Arnold, Eve

American (1912-)

For Eve Arnold, photography was a way out of poverty. Raised by Russian-Jewish immigrants, she dreamed of being a dancer or writer, but found a source of income by working at a photo-finishing plant in NYC. From there, she studied briefly with Harper’s Bazaar art director, Alexei Brodovitch, but couldn’t afford continued schooling and so began to teach herself. Her first paid assignment was shooting a fashion show in Harlem. A small, Jewish girl among Blacks, this assignment could have been daunting. But Arnold used her diminutive stature and genuinely kind persona to get close to her subjects. She carried this intimate posture with her throughout careers at both Life and Vogue, allowing her to catch celebrities and political figures in unposed shots: Queen Elizabeth, Malcolm X, Marlene Dietrich and American First Ladies. Marilyn Monroe trusted Arnold more than any photographer, resulting in a large body of sympathetic and protective images of the film icon, which portray her as a person, rather than an object.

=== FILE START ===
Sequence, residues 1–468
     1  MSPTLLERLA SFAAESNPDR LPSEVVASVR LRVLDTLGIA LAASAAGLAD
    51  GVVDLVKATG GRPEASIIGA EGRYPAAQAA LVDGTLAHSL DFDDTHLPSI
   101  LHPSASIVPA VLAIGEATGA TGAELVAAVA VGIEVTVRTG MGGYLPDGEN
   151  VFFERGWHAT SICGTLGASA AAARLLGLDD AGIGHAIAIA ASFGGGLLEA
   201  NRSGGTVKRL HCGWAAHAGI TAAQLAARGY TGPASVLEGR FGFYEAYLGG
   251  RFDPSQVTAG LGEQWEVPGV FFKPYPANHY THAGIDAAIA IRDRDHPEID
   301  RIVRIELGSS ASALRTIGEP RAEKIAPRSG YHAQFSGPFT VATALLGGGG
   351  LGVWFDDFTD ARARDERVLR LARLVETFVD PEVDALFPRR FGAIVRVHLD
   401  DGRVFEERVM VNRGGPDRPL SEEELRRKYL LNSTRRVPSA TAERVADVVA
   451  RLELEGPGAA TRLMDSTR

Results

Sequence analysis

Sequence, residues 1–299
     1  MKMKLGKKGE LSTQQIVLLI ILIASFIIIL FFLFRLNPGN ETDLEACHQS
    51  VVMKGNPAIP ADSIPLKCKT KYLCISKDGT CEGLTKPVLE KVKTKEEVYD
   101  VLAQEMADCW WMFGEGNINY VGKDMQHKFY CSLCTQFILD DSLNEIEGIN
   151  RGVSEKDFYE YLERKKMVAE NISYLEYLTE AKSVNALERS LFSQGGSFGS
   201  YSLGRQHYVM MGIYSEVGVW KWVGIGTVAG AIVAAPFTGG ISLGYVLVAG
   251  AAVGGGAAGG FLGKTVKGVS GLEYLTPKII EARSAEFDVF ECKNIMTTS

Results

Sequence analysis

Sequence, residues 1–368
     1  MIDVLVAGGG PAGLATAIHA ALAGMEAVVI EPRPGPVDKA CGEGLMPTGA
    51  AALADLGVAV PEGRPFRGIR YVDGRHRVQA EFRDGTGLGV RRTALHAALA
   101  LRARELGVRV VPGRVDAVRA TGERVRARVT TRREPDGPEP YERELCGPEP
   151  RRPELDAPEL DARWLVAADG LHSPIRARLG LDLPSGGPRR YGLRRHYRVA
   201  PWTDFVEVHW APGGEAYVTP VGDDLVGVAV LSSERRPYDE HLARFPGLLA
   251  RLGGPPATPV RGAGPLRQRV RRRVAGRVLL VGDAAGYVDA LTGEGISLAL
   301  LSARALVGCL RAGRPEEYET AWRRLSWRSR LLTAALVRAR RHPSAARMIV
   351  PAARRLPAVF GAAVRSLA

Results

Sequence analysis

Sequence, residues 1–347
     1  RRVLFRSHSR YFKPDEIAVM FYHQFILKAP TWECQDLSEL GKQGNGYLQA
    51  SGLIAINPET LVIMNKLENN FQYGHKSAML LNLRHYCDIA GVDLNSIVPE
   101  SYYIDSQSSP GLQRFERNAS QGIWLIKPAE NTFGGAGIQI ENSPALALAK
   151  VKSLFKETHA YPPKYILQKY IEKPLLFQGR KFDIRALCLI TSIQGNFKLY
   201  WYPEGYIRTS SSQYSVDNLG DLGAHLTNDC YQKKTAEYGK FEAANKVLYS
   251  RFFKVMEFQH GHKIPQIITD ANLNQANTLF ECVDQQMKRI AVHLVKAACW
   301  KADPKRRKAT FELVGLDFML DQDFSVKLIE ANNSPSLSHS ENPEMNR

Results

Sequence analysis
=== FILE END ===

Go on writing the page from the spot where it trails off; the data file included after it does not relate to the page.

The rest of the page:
In 1951, Arnold joined Magnum Photos, was the first woman nominated for full membership and became a member in 1957. Through her involvement here, Arnold became more interested in traveling the globe and chronicling world events. In the 1960s, she moved to England and began working for the Sunday Times, where she first shot in color. While there, she chronicled apartheid, the plight of veiled women in the Middle East, political prisoners in China, and the lives of impoverished Cuban families; again, her humanitarian bent told these stories in a way uniquely her own. Arnold was elected Master Photographer in 1995, the world’s most prestigious photographic honor, but has spent her recent years reading the Russian novelists, as it is difficult for her to hold and operate a camera.